B Nagel Audrey Newall The Dowager Marchioness of Normanby R H M Outhwaite Esq Mark and Caroline Owen John C Pearson N H Porter Esq Miss Judith Portrait Valerie & Melanie Rademacher F C Raven Esq Simon and Virginia Robertson The Rothenberg family and Judy and John Knox Mr and Mrs J J G Rowley Dick and Mandy Russell Mrs Basil Samuel Bryan and Sirkka Sanderson Mr S L Scott David and Lorna Secker Walker Dr Lewis Sevitt Sir John and Lady Shaw Ellis and Eve Short Peter and Catherine Sigler Mr Henry Simon Sue Slade Martin and Elise Smith Charlotte Stevenson Hugh and Catherine Stevenson Mr Ian Stoutzker John J Studzinski Esq Andrew Sutton Esq Sir Adrian Swire Michael Taylor Mr and Mrs Anthony Thornton Patrick and Iwona Tilley Mark Tousey Mrs S Trayler and Mrs M Hanwell John and Carol Wates Michael and Ruth West Clive and Angela Wilding Mark and Rosamund Williams Ari and Heba Zaphiriou-Zarifi 10 anonymous donors

CORPORATE SUPPORTERS Abbey National PLC ABN AMRO Accenture Adams & Remers Solicitors AEGON All Leisure UK & Ireland (Compass Group) Allen & Overy LLP Allied Irish Bank Anglo American PLC Aon Limited Apax Partners Arup Group Ltd Associated British Foods plc Associated Newspapers Limited AstraZeneca PLC Audi AG Autobar Group Ltd Automobile Association AVIVA The Avon Group Bain & Company Baker & McKenzie Bank of America The Bank of New York The Bank of Tokyo-Mitsubishi UFJ, Ltd BASF PLC Bear Stearns International Limited BG Group PLC BHP Billiton PLC BMS Associates Ltd BNP Paribas Boizel Bovis Homes Group PLC BP plc British American Tobacco The British Land Company PLC British Telecom plc Bunzl PLC C J Coleman Holdings Ltd Calyon Corporate and Investment Bank Care Home Insurance Service Cazenove Group PLC CB Richard Ellis Limited Centrica PLC Chanel Charterhouse Capital Partners LLP Chevron Limited Citi Cleary Gottlieb Steen & Hamilton LLP Collins Stewart Corus Group PLC Coutts Credit Suisse Cyril Sweett Limited Daily Mail and General Trust PLC Deloitte Denton Wilde Sapte Deutsche Bank Diageo PLC Die Zeit DLKW & Partners E.ON uk plc Eco-Bat Technologies Ltd EDF Energy Edmundson Electrical Ltd Element Six Ernst & Young LLP Fidelity Investment Services Ltd Financial Express Foseco International Foster Wheeler Energy Ltd Freshfields Bruckhaus Deringer Gallaher Group Plc GAM Garden Design & Management Gerald Hyam & Company Gibson, Dunn & Crutcher LLP GlaxoSmithKline Glitnir Bank Global Minerals and Metals Corporation Goldman Sachs International Grosvenor Guy Carpenter & Company Ltd Hanover Acceptances Ltd Hawkpoint Partners Limited Hays Plc Health Management Ltd Henderson Global Investors Ltd HSBC ING Group International Power


John Jenkins & Sons Ltd John Lewis plc John Packer Associates John Swire and Sons Ltd Jones Day Julius Baer International Limited Kaye Enterprises Limited Kirby Laing Foundation Kleinwort Benson KPMG Lazard & Co Ltd Legal and General Group Plc Lehman Brothers Leo Burnett Limited Leventis Overseas Ltd Lexus The Linde Group Lloyds TSB Group PLC Lockheed Martin UK Ltd Lombard Odier & Cie London Philharmonic Orchestra London Stock Exchange Lowe & Partners Worldwide LFC Mainstay Marley PLC Marsh Ltd Mayer Brown International LLP Mayo Wynne Baxter McCann Erickson EMEA Ltd The Medicus Group Merrill Lynch MGM Assurance Miller Insurance Services Ltd Mitchells & Butlers PLC Mitsubishi Corporation Finance PLC Morgan Stanley N M Rothschild & Sons Nomura International Norton Rose LLP NYNAS UK AB Océ UK Ogilvy & Mather Limited Orchestra of the Age of Enlightenment Pearson PLC Petros J Goulandris & Sons Prater Ltd PricewaterhouseCoopers Prudential plc Reed Elsevier Reuters Group PLC Rio Tinto plc Rix & Kay Solicitors The Rocco Forte Collection Rolls-Royce Motor Cars Limited Royal Bank of Scotland RWE npower Saatchi & Saatchi SCA Packaging Ltd Schlumberger Schroders PLC SEB Shanks Group PLC Shell International Limited Shepherds (UK) Limited Siemens PLC Société Générale Sony United Kingdom Limited Spencer Stuart and Associates Standard Chartered Bank Standard Life Stephen Rimmer & Co Strutt and Parker Svenska Handelsbanken Talisker Ltd Tate & Lyle PLC Telegraph Media Group Thomas Eggar Total E&P UK Limited Tronos Ltd UBS Unilever PLC United House Ltd Urenco Limited VAT Watkins Holdings Ltd Wassen International Limited Watermark & Partners Wates Group Western Heritable Investment Co Ltd Wilkinson Building Co (Leeds) Ltd William Grant & Sons Ltd WT Partnership Xstrata Plc One corporate supporter that wishes to remain anonymous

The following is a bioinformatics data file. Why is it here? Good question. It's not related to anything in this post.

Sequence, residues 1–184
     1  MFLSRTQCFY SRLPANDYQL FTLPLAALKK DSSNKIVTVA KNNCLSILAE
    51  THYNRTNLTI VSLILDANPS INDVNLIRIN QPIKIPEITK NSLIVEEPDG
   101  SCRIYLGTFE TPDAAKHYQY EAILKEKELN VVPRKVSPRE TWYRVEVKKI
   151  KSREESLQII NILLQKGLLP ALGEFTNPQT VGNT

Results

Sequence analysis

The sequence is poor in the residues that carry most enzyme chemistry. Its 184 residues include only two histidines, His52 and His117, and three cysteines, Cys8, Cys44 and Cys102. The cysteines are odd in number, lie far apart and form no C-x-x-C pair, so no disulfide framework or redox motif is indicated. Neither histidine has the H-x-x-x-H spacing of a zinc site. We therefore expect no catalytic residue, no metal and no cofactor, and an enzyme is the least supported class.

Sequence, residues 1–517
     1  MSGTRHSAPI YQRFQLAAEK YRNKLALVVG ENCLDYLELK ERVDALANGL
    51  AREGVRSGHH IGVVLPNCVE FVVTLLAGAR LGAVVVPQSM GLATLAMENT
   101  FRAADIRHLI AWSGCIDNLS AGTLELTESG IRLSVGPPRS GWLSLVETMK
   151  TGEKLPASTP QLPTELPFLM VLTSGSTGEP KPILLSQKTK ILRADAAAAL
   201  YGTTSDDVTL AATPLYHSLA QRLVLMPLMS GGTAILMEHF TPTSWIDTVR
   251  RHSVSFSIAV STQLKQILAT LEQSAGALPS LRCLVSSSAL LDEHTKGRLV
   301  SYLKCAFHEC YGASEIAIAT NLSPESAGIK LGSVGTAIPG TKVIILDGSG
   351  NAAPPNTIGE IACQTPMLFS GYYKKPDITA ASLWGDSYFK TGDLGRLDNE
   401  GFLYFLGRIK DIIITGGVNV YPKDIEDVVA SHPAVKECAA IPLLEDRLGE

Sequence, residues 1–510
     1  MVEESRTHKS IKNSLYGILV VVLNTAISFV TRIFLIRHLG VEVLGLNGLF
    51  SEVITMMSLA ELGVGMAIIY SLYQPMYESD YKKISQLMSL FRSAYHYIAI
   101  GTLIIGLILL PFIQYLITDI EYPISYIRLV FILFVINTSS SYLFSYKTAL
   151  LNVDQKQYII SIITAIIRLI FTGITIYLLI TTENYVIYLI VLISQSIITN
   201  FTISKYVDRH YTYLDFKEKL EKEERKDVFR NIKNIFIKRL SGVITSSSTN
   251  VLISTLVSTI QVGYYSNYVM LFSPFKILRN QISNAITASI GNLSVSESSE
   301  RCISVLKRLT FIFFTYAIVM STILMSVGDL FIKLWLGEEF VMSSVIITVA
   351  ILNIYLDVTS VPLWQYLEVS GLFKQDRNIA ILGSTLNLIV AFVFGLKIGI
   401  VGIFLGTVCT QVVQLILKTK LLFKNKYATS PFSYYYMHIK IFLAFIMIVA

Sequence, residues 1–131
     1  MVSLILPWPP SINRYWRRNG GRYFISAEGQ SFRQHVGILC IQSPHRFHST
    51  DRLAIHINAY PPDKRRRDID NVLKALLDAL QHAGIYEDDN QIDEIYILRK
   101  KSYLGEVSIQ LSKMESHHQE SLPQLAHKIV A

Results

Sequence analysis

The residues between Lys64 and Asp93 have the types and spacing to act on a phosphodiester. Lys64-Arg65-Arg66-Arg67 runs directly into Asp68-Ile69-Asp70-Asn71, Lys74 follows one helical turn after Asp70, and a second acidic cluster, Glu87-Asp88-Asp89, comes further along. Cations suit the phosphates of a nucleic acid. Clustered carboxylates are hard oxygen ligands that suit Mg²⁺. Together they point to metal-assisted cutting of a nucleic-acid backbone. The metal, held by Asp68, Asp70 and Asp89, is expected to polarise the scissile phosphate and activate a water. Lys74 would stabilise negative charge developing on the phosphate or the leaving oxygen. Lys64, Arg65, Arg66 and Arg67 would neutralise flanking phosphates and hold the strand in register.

TRUSTS, FOUNDATIONS AND ORGANISATIONS The Ronald & Barbara Abbott Charitable Trust The Ancaster Trust Arts Council England The Ian Askew Charitable Trust The Bird Charitable Trust Centre for British Teachers The John S Cohen Foundation Columbia Foundation Fund of the Capital Community Foundation The Ernest Cook Trust Creative Partnerships, Hastings and East Sussex Clore Duffield Foundation The Vivien Duffield Foundation Dunard Fund East Anglian Friends of GoT The Equitable Charitable Trust The Foyle Foundation The Hon H M T Gibson’s Charity Trust Glyndebourne Association America Inc. Alan and Karen Grieve Charitable Trust The Godinton Charitable Trust The Headley Trust A D Hill Discretionary Settlement Jerwood Charitable Foundation Richard Lewis/Jean Shanks Trust The Lynn Foundation Make Some Noise,Youth Music Action Zone for Staffordshire and Stoke-on-Trent Manchester Glyndebourne Association The Mercers' Company Brian Mitchell Charitable Settlement Peter Moores Foundation Newby Trust Limited The Nottingham Glyndebourne Association The Ofenheim Charitable Trust The Parnassus Institute Charles Peel Charitable Trust The Philanthropic Collaborative The Porter Foundation The Rayne Foundation The Robinson & Dixon Charitable Trust Jeremy and John Sacher Charitable Trust The Archie Sherman Charitable Trust St John Ambulance Brigade The Bernard Sunley Charitable Foundation The Swan Trust Swire Charitable Trust Tufton Charitable Trust Weltkunst Foundation The Wessex Glyndebourne Association Garfield Weston Foundation The Spencer Wills Trust Worshipful Company of Musicians


Glyndebourne 2007 Annual Report  
Glyndebourne 2007 Annual Report  

Glyndebourne's 2007 Annual Report